BTIA Calls for Stronger Crime Measures
BELIZE CITY, Belize (May 19, 2006) - The Belize Tourism Industry Association (BTIA) has responded to the recent surge of crimes against tourists by presenting government and non-government stakeholders with a strong set of proposals.
Referring to crime as a manmade disaster with consequences as serious as natural disasters such as hurricanes; the BTIA is calling for a focused and coordinated response to robbery and assault.
Immediate recommendations are that a Task Force be formed, and that communication and coordination between relevant agencies be enhanced.
"What we are recommending is simply a practical approach. There's no longer any doubt that measures already in place are not working," BTIA President Lucy Fleming said. She added that there is no underestimating the serious effect recent crimes in remote areas such as those near Caracol have had on the tourism industry.
"This is affecting every man, woman and child in Belize," she said, "And crime is obviously not something that is going away by itself. In fact, it is getting worse. We all need to work together to do something - and to do it very quickly."
Earlier, the BTIA recommended that tours to isolated areas in the Mountain Pine Ridge and Chiquibul Reserves be suspended.
The new BTIA proposals include insisting that BTL work towards ensuring communications capabilities nation-wide, and not just in the more profitable population centres.
"Government must insist that, as a virtual monopoly, BTL has clear responsibilities to the nation," the proposal states, and goes on to outline how better communications can be effectively be used in the war against crime.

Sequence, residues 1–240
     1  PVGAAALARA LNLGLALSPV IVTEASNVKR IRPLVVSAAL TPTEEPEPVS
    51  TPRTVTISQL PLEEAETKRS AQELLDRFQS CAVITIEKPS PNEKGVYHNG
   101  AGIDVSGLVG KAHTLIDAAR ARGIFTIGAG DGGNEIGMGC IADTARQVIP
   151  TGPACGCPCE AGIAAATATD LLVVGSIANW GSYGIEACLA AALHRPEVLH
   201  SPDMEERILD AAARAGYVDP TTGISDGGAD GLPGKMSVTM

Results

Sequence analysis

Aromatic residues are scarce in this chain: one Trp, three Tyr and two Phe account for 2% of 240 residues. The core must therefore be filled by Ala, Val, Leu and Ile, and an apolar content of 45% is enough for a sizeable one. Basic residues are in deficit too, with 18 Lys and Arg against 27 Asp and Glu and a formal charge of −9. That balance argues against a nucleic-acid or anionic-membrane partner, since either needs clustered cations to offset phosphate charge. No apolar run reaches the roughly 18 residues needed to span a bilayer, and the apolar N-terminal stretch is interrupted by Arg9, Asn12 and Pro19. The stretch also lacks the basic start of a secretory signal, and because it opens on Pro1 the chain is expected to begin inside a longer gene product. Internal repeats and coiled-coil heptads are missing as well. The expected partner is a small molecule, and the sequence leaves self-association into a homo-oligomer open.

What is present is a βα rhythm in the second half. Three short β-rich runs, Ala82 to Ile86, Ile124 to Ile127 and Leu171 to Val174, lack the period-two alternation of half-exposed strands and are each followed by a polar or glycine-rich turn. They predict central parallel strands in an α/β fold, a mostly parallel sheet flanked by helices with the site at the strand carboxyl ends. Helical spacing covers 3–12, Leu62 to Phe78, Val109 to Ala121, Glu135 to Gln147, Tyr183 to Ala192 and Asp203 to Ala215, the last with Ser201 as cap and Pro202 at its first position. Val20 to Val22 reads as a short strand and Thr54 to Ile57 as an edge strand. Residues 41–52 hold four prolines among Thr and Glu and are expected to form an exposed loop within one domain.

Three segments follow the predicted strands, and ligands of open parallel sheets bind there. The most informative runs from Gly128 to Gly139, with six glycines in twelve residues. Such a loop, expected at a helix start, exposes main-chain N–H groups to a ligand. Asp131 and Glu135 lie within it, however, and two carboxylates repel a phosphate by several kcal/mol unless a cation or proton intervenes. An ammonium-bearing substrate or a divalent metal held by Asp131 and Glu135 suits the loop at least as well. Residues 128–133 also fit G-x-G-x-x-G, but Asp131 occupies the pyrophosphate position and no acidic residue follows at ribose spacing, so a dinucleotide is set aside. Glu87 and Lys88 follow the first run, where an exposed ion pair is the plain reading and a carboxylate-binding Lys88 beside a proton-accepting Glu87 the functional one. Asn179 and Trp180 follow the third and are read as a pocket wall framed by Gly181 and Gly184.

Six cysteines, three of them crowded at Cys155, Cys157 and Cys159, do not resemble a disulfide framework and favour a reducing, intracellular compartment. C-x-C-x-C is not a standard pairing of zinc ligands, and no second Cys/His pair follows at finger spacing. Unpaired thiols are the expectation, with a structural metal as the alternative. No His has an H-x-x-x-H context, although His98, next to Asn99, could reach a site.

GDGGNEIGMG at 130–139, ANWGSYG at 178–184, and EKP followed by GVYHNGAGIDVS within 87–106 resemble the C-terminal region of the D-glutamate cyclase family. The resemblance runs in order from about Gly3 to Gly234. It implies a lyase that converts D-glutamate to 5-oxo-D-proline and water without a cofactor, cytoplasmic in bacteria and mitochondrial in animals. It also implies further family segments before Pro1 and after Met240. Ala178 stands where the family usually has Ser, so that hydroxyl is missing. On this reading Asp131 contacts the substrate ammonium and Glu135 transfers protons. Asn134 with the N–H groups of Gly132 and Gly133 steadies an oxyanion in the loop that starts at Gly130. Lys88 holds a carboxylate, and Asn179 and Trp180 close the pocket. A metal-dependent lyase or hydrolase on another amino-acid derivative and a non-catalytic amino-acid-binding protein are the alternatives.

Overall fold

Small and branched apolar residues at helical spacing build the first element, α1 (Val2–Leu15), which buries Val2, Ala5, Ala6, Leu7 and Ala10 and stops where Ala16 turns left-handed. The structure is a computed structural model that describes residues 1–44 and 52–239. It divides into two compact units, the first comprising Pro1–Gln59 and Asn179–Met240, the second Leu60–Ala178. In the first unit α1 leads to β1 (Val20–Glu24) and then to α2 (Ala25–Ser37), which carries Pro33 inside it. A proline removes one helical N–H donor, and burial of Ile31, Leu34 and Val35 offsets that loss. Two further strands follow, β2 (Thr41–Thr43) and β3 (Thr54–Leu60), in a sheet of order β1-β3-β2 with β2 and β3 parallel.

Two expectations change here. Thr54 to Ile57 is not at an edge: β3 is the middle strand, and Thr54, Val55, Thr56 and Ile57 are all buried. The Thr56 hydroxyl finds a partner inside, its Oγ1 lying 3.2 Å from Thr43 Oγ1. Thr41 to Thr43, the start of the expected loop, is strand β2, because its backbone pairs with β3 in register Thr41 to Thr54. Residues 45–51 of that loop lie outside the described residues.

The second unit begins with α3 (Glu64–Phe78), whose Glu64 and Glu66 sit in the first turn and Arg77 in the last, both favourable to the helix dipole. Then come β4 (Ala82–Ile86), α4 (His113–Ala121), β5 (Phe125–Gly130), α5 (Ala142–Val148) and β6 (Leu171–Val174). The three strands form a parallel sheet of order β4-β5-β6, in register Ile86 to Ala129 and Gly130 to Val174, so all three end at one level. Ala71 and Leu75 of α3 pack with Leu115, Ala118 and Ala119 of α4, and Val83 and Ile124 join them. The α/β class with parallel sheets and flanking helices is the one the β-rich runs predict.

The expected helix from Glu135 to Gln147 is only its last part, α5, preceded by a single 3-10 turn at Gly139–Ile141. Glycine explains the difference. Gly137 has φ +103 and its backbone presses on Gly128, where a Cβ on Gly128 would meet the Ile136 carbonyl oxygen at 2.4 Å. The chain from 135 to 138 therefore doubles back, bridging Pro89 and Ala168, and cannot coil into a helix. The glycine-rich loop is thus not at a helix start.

The written proposal also points out the need for greater coordination between local police, the Tourism Police Unit, the BDF, tourism operators and possibly, the British Forces.
Ms Fleming added, "You can imagine how frustrating and gut wrenching this is for all of us involved in the tourism industry. We work hard to ensure that guests have a wonderful stay and return home with great memories and wonderful things to say."
"Being such a small country, Belize cannot afford these kinds of incidents, and we must do everything we can to stop them. That is why we are asking our own members, government agencies, national corporations, and neighboring countries to work together to ensure the safety of our visitors."
The proposal outlines the need for better cross-border cooperation by regional partners.
"By working more closely, regional authorities would share planning, intelligence and enforcement - all necessary elements in the fight against crime."
"It is not just a question of what is possible. It is more a matter of will" the report concludes.